• Ergonomics and injury reversal/prevention (all instruments, folk and classical; click here for an introduction, and be sure to visit your doctor at home about the issue before your arrival to rule out any kind of organic disease)
  • How to play music atypical to dulcimer/autoharp (jazz, classical, etc.)
  • Finding the dance in the music
  • Contest coaching (all folk instruments)
  • Arranging tunes (all folk instruments, a big part of contest coaching)
  • Or, what have you?

Whatever you want to study, you can do it here, at your own pace!


For hammered dulcimer B&B students

        You are welcome to use one of my dulcimers if shipping your own here is a concern.  I have two 15-15s by R. L. Tack & Son (Professional and Lightweight), one 15-14 chromatic MasterWorks, and a 12-11 Dusty Strings Apprentice.  It is, of course, fine to bring or ship your dulcimer here; I just know how worrisome shipping "your baby" can be!  Regardless of dulcimer, I have an all-ways adjustable dulcimer stand for your use also.  


Accommodations and meals

        Your accommodations are a basic, comfortable room in our home, pictured below.

Your room awaits you in Colorado!
Left: The dulcimer-shaped quilt on the bed was stitched by dulcimer player Norine Humm of Michigan.  
Other gifts from fellow dulcimer players, such as the vase and doily on the end table, grace this room,
along with books written by autoharp students.
Right: The two bowls on the gentlemen's desk were both knitted and felted by me.
(PS--The rug is
not solid blue.  Wait 'til you see the detail!)

        As for meals (which include lunch and dinner), your instructor doubles as chef, making the best pizza in metro Denver right here from scratch, while developing menus catering to musicians with special dietary needs.  (Let's not forget good old meat loaf and mashed potatoes, too!)  When the weather is warm enough, we can also enjoy appetizers and s'mores at the chiminea on the patio.
        We usually eat out once or twice while sight-seeing.  The chef hopes you'll give her one night off from the kitchen by preparing dinner for us, even a simple one.  (We'll go shopping while you are here; be sure to bring with you any unusual ingredients that you think may be hard to find in Denver.  We managed to hunt down some filé for Cajun chicken gumbo that one student made, but it took a lot of phone calls and a 20-mile, round-trip drive!)  We will go grocery shopping, and your instructor is happy to sous-chef while you work your magic.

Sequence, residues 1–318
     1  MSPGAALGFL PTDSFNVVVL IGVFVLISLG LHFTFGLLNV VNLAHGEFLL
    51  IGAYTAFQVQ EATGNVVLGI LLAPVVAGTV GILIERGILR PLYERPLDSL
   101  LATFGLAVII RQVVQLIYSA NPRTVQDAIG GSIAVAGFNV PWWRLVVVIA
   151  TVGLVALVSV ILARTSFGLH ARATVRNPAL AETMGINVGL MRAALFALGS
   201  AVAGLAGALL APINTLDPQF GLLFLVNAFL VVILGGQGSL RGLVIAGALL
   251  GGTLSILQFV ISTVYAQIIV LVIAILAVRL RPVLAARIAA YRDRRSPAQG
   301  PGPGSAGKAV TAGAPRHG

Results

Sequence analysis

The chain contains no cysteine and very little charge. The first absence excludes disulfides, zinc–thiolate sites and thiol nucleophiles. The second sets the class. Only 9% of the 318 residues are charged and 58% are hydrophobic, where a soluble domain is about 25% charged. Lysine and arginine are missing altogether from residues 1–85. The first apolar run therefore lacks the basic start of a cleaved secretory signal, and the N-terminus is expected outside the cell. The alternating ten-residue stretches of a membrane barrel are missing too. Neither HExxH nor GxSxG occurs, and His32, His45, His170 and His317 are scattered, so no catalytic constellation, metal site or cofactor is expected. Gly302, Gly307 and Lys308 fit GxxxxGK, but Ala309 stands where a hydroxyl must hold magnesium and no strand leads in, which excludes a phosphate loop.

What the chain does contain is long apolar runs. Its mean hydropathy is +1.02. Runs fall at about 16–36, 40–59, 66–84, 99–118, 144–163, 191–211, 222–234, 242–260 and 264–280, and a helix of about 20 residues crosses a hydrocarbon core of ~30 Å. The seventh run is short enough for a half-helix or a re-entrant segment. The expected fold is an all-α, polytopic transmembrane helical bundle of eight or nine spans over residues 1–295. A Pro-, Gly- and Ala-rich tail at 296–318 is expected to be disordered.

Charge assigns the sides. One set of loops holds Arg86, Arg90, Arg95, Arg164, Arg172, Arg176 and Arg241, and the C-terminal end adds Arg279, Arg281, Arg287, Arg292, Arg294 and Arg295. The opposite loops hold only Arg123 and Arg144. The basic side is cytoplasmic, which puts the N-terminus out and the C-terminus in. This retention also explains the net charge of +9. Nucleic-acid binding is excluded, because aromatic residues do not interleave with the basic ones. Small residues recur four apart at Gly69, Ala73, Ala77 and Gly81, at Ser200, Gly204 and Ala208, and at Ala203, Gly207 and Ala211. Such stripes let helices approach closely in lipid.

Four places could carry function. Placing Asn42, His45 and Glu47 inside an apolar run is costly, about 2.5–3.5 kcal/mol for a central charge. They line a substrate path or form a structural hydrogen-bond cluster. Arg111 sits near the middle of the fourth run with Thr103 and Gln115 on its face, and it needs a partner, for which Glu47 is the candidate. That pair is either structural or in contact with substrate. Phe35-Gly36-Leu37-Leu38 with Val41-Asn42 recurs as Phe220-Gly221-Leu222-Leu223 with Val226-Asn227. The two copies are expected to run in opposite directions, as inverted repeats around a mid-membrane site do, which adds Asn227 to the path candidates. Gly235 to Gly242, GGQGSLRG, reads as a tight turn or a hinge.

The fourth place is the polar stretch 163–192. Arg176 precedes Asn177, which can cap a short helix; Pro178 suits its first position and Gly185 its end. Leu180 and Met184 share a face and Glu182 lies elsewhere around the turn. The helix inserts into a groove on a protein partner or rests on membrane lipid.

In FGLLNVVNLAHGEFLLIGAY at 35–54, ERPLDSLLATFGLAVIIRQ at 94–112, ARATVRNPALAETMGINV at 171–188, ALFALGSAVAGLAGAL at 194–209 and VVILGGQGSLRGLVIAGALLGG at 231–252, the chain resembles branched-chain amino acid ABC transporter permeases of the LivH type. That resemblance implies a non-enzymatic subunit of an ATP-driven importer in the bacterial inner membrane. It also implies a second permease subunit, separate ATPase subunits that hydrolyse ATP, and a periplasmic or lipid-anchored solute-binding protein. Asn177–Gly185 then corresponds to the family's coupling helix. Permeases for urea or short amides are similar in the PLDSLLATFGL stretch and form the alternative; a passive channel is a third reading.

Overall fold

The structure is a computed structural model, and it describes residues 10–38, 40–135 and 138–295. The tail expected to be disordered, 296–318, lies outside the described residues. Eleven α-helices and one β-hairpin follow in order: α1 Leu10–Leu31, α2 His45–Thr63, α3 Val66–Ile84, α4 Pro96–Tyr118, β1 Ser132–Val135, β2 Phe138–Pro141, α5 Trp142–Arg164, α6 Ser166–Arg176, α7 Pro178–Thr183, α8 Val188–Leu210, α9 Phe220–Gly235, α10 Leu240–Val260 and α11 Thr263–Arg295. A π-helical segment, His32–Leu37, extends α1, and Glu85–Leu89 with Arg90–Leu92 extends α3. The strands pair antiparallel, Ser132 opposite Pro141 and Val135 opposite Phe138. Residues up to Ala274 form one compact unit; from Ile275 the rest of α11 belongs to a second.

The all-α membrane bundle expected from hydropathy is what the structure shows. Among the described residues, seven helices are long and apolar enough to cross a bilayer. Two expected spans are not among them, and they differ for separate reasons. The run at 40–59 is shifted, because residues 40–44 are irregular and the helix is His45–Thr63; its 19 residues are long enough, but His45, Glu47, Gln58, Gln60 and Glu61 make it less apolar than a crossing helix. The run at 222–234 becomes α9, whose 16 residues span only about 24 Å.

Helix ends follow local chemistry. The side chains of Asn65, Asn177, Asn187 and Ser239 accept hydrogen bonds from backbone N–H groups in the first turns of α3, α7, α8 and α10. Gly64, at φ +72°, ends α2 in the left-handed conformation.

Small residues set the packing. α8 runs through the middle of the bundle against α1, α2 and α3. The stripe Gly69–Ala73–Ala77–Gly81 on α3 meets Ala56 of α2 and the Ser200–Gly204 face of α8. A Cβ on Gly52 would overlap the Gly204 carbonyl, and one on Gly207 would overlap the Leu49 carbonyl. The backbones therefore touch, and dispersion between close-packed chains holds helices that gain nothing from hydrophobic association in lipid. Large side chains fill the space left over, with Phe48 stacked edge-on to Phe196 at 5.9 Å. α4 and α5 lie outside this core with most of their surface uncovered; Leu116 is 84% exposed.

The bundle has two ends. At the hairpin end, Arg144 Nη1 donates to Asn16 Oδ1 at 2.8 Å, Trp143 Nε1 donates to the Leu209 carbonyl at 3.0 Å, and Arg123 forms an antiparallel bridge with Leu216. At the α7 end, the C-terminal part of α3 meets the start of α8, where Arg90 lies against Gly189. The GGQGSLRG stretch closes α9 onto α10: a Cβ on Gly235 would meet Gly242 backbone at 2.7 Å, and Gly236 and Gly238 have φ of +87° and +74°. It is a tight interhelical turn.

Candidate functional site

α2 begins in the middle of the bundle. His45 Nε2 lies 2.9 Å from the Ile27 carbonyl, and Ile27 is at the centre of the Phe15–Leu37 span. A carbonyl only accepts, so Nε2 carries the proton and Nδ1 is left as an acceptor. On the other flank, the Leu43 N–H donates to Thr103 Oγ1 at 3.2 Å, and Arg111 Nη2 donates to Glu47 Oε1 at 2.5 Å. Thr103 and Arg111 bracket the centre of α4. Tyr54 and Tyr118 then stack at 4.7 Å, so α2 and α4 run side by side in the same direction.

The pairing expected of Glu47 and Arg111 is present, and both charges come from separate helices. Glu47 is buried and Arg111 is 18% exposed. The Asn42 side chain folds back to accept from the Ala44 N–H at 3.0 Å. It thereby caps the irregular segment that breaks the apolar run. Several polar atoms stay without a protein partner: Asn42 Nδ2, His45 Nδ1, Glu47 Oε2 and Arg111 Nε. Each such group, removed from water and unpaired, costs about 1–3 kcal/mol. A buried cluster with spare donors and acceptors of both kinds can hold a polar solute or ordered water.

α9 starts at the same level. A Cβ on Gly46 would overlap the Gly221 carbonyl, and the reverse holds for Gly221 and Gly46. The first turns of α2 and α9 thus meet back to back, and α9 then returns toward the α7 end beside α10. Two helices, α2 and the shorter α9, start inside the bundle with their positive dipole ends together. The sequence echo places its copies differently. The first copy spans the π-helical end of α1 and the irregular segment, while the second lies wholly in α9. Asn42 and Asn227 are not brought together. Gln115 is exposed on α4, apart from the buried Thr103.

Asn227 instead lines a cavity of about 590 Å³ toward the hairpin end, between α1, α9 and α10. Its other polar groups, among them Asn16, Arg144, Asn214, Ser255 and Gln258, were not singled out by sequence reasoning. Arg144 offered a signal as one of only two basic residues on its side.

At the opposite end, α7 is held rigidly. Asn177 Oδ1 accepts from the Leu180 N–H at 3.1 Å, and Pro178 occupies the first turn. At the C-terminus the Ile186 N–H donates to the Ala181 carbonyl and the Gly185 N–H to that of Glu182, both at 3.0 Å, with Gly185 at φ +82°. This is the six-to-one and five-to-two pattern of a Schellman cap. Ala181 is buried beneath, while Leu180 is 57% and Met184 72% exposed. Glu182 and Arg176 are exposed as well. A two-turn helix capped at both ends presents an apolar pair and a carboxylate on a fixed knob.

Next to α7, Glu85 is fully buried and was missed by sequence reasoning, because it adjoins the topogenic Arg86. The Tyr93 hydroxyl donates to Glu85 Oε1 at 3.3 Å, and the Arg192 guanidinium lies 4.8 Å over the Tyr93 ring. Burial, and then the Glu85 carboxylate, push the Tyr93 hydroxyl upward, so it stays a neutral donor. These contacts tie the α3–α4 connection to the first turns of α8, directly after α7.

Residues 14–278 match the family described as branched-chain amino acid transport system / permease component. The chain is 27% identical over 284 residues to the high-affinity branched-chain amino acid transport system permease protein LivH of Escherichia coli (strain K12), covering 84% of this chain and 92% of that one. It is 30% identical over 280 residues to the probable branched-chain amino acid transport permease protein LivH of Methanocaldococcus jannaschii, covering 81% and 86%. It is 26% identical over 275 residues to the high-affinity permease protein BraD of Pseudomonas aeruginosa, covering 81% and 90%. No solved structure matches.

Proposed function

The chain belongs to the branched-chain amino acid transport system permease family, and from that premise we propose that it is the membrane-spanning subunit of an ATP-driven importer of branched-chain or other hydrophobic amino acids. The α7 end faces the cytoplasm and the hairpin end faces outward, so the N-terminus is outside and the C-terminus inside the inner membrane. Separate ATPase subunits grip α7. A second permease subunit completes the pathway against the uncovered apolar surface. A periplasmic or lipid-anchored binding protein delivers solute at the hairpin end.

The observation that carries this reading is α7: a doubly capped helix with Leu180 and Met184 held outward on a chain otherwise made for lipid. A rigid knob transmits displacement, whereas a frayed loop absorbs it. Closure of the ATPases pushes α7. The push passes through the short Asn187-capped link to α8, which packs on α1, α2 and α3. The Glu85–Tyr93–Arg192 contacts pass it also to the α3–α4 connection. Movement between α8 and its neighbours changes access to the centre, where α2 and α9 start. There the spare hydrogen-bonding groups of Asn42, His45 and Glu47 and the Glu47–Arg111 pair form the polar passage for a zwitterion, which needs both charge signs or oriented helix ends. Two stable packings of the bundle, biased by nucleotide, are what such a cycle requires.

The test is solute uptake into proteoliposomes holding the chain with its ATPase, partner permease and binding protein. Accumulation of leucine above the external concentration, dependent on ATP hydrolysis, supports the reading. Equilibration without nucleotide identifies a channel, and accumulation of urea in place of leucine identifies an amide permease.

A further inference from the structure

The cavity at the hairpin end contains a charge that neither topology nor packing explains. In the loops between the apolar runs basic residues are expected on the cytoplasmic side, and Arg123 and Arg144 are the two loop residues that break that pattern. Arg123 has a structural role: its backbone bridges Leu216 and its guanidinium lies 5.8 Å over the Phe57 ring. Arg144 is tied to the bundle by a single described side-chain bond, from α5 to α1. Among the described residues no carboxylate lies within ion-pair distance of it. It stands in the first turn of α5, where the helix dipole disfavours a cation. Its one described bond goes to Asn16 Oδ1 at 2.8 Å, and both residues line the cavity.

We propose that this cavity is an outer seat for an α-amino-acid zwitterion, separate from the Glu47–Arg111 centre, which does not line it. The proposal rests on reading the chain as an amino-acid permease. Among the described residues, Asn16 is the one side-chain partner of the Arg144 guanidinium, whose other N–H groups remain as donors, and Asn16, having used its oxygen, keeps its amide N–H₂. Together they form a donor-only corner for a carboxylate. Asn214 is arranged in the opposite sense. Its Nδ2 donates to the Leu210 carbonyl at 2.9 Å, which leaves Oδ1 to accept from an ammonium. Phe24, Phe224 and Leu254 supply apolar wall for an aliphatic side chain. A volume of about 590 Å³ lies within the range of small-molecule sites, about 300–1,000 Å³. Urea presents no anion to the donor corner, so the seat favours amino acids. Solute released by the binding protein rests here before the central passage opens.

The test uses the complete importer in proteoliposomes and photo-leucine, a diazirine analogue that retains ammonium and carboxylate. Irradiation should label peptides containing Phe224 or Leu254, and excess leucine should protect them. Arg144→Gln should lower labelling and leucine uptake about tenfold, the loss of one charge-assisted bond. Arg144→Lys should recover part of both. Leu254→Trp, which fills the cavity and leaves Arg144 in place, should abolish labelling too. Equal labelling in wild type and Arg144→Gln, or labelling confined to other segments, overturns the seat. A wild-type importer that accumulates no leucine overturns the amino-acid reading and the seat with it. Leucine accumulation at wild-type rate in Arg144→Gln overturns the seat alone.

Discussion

A two-block walk from our home to the bus stop begins your journey to downtown Denver (The Tattered Cover bookstore is a popular haunt on the 16th Street Mall, along with great restaurants all around).  Weather permitting, Estes Park and Rocky Mountain National Park (boasting 14,000+ feet in altitude!) are still more must-see sites.  It's a bonus when I have a local performance coinciding with your visit, but if not, you will surely hear private performances at home.


The daily schedule

        This schedule is approximate.  Depending on the subject matter of the moment, lessons can flex to be more or less time than the 45 minutes allotted.  (We may even have a "lightning round" some time!)  In the end, it all works out!

8:00 or so—breakfast and conversation
9:00—lesson (first day: tune up, warm up, practice beforehand, if needed)
9:45—coffee/tea break
10:00—practice on your own
12 noon—lunch, rest, read, a walk around the block…
1:00—practice on your own
2:00—lesson (this one may be deleted one day in the event of a longer sightseeing trip)
2:45—“hard-drive burn-in”: brief review on your own to solidify afternoon concepts OR
        review, answer questions, tweak concepts of the afternoon
3:00 or so—rest, have some fun: see local sights
ca. 6pm—dinner
after dinner—“talk shop”, jam, practice, read, watch TV, whatever.